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Safe Dance

by Larry Myers

This very inspirational and empowering poem was sent to us through the email. It came at a perfect time to inspire the Summer Solstice Parade Dancers this spring. Our theme is Femal Empowerment . Larry was kind enough to let us host his work on our web site.
Thank you Larry!
Following the poem is alittle about Larry.

Hi Everyone!

This is the poem I recited, and danced to, at Bellyjam, which got such a good response. Please feel free to share it with someone you think
it might empower.


Safe Dance

There was a time when everything danced.
The earth danced.
The oceans danced.
The flames from campfires danced skyward, and all
bodies in the
heavens . . .

And everybody knew about rhythm.
The tides knew it from the moon.
The trees knew it from the seasons.
And the people knew it from their own breaths and
heartbeats, and
from heartbeats of their mothers
first felt in the

The dance was with God and Goddess.
The dance was God and Goddess.
It was the rhythm of life, death, and life again,
celebrated in

But like all tales,
Something had to happen which took people from their

And so a blight came upon the land.

Nobody knew just how or when the blight started,
Because there was no one to blame.
There were no dragons, evil Lords, monsters, or
It may have started with just one person,
Questioning the obvious.
But when it was over,
Only a few people danced,
And most, didn't.

Now those who danced became very concerned
About how others viewed their work.
The force of life and death itself was now mere
Or exercises,
Or recreation:
Endeavors which were not highly regarded by the
social order.

So the dancers scratched their heads, and decided it
would be
To put some boundaries around their work.
This, they thought, would increase its value,
And decrease the competition.

The first thing they did was to tell a lie
(Or perhaps just a misrepresentation)
That "dance is a performing art."

Thus those who danced unwitnessed,
In private or in groups,
And those who danced for healing, love, joy, and
Would have to say,
"I guess I'm not a dancer."

Then came the stunts.

Healthy women were starved, tortured, and twisted,
Like so many bonsai trees,
In order to appear as fragile as snowflakes,
In stories about their deaths.

And the women were told another lie,
That the essence of their art,
Was to smile, and make their torment look

Because men hated women,
And women hated women,
The smiling, dying, anorexic, bonsai tree
Were the highest attainment in art.

The audiences gasped and said,
"I guess I'm not a dancer."

But even those who rebelled from the established
Only created more stunts.
And as each stunt exceeded the one before it in
Performances of dance began to look
Like gymnastics.

And classes were created
Where the stunts were switched for dance,
In a secret manner, like Folger's crystals.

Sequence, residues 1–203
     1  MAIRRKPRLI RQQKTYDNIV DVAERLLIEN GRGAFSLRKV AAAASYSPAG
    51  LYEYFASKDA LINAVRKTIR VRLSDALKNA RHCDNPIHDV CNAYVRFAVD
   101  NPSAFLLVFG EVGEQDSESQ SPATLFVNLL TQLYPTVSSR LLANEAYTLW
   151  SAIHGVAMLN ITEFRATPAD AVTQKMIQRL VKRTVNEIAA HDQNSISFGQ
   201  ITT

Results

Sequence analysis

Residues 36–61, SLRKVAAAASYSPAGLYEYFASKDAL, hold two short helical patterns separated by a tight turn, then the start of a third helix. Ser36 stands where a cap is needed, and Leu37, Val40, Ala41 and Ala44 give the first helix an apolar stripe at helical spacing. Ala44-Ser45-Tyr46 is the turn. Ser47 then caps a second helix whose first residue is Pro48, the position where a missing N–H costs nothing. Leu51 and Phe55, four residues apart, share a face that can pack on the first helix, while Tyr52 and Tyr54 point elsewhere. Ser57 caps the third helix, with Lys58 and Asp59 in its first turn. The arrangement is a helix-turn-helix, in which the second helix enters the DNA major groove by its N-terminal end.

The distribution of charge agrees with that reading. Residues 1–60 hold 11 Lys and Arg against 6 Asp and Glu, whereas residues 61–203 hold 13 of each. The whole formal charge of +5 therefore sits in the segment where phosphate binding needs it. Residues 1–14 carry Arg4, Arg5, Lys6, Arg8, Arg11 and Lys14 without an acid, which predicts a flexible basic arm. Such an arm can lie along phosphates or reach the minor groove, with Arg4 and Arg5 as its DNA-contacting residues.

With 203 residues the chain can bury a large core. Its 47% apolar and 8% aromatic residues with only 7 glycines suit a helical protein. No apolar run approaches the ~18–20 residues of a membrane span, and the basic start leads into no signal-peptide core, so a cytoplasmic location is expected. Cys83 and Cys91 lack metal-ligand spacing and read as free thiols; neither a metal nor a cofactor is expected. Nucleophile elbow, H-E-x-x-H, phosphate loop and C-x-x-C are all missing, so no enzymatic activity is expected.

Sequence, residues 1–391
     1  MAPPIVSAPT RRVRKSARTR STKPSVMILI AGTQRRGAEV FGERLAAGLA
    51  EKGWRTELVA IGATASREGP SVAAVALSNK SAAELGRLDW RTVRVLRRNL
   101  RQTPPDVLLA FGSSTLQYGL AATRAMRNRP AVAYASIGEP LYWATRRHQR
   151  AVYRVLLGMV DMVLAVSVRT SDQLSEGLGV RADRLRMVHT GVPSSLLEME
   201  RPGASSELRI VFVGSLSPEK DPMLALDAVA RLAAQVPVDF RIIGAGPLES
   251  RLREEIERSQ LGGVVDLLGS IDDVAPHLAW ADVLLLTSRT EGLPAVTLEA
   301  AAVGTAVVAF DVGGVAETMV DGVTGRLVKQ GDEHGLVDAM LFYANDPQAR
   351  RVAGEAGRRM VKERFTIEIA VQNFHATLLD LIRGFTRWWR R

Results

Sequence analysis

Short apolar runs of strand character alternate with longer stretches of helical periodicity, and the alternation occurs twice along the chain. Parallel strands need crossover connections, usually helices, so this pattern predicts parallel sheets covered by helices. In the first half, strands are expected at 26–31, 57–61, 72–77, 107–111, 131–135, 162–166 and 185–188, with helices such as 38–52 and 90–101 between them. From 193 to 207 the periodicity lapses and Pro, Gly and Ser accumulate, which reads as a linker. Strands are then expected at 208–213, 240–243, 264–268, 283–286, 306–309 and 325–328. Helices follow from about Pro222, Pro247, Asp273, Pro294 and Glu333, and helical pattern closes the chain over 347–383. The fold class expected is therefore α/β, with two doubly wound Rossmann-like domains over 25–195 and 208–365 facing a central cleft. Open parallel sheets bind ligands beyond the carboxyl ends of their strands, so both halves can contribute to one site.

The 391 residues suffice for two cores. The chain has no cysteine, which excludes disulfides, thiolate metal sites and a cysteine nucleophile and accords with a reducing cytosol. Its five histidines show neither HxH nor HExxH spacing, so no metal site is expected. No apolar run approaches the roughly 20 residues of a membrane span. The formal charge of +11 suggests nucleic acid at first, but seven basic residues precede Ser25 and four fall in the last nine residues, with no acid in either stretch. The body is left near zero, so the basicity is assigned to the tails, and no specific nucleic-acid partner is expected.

Beyond the awareness of students or teachers:

A series of exercises on the floor,
Patterns of steps across the room,
And a combination to be remembered and forgotten.

The students learned, from all of their work,
That the only important movements in dance,
Were those which came from outside of their bodies.
Paralyzed, by the inevitable self hatred,
The students said,
"I guess I'm not a dancer."

Now those who continued to dance,
In spite of the opposition,
Were not favored with much wealth.
What little they had came from noblemen.

So the dancers knew that whatever they did
Had better not offend anyone. Or else,
There could be a cash flow problem.

With the memories of the rituals
By this time only a glimmer,
The masters came up with "safe dance,"
and the rules were simple:

There was to be nothing personal,
Nothing emotional,
Nor anything political or spiritual.
And the more abstract, the better.

And from then on, dances were called "pieces."

The noblemen applauded the pieces.
After all, they paid for them.
But as the others left, at the end of each
They were overheard saying,
"I couldn't understand it. I guess I'm just not a

But dance wasn't really safe.
In fact, it was dying,
As everything must die, when cut off from its

And the most tearful of all were the dancers
Because, you see, they loved their Craft,
And everything they did was only an effort to save
They didn't know that their remedy
Was the poison.

Because dance belongs to everyone.
It cannot be saved by just a few.

It can be saved:

If all persons would turn themselves inward,
And feel their blood pulsing against their vessels,
And the weight of each limb,
And the support of their bones,
And the roundness of every joint,
And the criss-crossing of their muscles,
And the fluidity of the spaces in-between.

And if everyone would turn outward,
And see the whole world through his or her skin,
And feel the joy, sorrow, rage, pain, and laughter,
That comes from our connectedness with all things
Living, and even those things believed to be

And if everyone would whisper, chant, sing, or shout
The following mantra,
As many times as it takes:

"I know, that I'm a dancer!"

"I know, that I'm a dancer!"

I'm a dancer!"

About Larry Myers

Larry is a writer and performance artist, who uses dream work for much of his inspiration for monologues, comedy, sketches, dances, etc. He recently won a community impact in performing arts award (from the Columbus Ohio's cable TV community access channel) for his video "White Fire Dancer" which he wrote, produced, acted, co filmed and edited.

He has attended numerous workshops throughout the country on dance improvisation and therapy, and has published on the subject. His two volume Social Work masters thesis (on gender issues and non verbal communication0 won Ohio State Universities merriss Cornell Distinguished Researcher award.



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